As we approach the colder days of winter the grayling can get harder to find as they shoal up and the shoals move around from day to day. Jonathan Hoyle wrote the following article after we spent a frosty winters day fishing on the river Calder near Halifax.
You approach a stretch of river and there is no sign of any rising fish. The water is coloured or perhaps too turbulent to be able to watch for any fish moving in the water. Maybe it’s a new piece of water and you cannot go off a mental map of where you have caught fish before.
Where do you start? Where will the fish be holding?
This was a problem facing myself and Joel on a recent trip to the Yorkshire Calder in early January. We had fished the known ‘hotspots’ and being a cold January day there wasn’t a hatch in sight to give the locations away. As we walked the beat a stretch of water could be seen through the trees. ‘Looks worth a go’ I said to Joel so he invited me to go in first and he would follow behind both fishing a team of 3 small tungsten nymphs on a French leader. The first section was a long glide with a defined ‘slack line’ ¾ of the way across. The team of nymphs were pitched upstream on the current side of the seam and on was a fish, a lovely little grayling. Moving up this line two more fish were taken. At the top of the glide two channels came in around an Island. The left hand channel was deep and the right hand was shallower. Where the two came together a distinct ‘foam seam’ could be seen. Stationing ourselves either side of the seam working upstream channel we managed to extract 10 fish and ‘prick’ a few more. I ventured off up the shallower channel and from under the branches of a fallen tree took a lively trout and then above in seeming open water a small grayling. Wading up to where the fish was taken there was a boulder and a small depression behind where it had been stationed. This short stretch had been more successful than the hotspots combined!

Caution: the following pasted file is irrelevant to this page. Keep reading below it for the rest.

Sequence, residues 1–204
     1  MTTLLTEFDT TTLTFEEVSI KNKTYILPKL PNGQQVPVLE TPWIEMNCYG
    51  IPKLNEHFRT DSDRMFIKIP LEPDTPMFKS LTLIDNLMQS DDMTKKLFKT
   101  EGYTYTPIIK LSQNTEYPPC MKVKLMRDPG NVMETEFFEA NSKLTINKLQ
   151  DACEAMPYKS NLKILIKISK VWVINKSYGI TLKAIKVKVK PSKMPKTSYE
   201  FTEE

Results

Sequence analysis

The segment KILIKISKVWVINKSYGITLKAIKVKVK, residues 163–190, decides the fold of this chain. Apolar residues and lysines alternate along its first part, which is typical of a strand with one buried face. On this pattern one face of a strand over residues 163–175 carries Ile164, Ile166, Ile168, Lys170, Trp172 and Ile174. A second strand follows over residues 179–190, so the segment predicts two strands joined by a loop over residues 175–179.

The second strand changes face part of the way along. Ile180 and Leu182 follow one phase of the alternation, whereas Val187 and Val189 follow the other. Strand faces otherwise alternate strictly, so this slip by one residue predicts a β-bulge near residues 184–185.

Joel asked me once we got out the river what had made me choose such a spot where so many others may have walked on by. I explained it was the network of features within the glide and run that just ‘looked fishy’. In the depths of winter fish don’t want to work hard for their food to maximise reserves. The glide and the run were great fish holding areas as they had the depth to avoid predators the slack water to hold in and a conveyor belt of food from the current to move into and back to intercept food without burning too much energy. The fish merely had to turn on the fin to take food then back down again. The tree was the same overhanging cover and organic matter to attract insects. The boulder in the middle of the run gave cover and an area of holding water to sit in whilst the food was brought to the fish.
This section certainly went in the mental map bank for future visits but many more areas can be found like this by reading the river and putting yourself where the fish would want to be. Look for the seam line between fast and slow water, look for foam lines which carry food, look for boulders or vegetation in the river that provides a break in the current. Find these and you are well on your way!